Sometimes after a bad game you can't help but thinking, "Maybe it's just me. Maybe I have no control over these games. Every other amateur game in the country went fine today except mine. I just have a way of winding players up. I really am getting all the decisions wrong. The players are right - I need new specs."
|No ball, no whistle, no game|
This is when sharing experiences with other referees becomes of paramount importance. I won't lie - in general, refs are a weird bunch. They don't necessarily have a great sense of humour, they are very rules-oriented (and thus rarely of a radical bent), and they are not particularly ready to open up or criticise authority. Which is a shame, because dialogue is essential to help us communicate what's going on out there, and how we can act to improve the levels of sportsmanship in the amateur game.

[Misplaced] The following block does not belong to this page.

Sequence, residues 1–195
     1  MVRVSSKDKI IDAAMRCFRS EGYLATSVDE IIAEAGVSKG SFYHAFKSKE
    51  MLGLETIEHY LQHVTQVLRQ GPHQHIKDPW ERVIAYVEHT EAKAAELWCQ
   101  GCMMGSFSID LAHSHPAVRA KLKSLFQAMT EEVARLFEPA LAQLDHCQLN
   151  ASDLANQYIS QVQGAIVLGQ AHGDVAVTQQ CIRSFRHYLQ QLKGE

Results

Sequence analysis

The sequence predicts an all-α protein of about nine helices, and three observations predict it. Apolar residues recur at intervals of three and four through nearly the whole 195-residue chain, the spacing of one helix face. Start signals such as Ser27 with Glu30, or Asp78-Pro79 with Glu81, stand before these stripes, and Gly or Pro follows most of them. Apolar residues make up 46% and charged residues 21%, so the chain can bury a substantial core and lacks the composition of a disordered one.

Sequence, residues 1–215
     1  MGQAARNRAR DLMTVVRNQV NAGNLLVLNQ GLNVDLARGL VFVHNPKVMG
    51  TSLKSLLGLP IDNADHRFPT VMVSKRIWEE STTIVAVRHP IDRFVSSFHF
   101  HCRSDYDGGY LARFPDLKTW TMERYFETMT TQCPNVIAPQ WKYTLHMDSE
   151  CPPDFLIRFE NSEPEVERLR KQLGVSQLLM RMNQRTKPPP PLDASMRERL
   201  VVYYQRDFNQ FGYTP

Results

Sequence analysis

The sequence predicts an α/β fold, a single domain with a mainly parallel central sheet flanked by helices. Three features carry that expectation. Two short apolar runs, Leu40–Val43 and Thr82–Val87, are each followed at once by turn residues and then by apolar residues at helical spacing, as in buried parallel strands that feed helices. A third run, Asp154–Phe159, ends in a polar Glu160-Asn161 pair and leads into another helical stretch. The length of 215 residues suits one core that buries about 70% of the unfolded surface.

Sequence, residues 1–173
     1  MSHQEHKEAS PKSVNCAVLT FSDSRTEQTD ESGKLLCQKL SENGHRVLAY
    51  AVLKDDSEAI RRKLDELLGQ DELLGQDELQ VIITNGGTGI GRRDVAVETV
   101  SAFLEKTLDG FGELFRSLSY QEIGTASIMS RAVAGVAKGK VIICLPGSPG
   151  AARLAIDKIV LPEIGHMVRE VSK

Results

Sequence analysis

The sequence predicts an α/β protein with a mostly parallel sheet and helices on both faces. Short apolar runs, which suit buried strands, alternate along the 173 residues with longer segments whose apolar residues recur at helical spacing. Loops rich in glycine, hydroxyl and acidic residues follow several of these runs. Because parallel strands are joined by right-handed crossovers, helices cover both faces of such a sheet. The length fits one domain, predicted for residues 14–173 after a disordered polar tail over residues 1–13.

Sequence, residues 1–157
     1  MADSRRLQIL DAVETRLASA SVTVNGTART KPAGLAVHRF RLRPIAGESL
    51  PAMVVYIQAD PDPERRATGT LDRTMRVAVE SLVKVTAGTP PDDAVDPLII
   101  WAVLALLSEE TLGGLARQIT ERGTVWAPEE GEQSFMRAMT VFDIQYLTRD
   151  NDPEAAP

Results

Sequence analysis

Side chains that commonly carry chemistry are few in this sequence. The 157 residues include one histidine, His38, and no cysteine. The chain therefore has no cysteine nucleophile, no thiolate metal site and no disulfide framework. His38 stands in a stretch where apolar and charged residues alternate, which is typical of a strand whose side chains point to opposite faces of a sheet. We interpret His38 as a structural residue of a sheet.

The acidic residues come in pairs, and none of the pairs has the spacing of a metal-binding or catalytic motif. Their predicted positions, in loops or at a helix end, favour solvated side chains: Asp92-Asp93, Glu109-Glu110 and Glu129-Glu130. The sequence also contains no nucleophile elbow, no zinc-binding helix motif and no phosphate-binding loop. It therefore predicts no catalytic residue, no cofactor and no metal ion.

So whenever I encounter a fellow ref, it's usually me who does the running. "Where are you from?" and, "How long have you been reffing?" are the two standard opening questions of any polite conversation between two officials. Then I follow up with the question that takes us to a higher level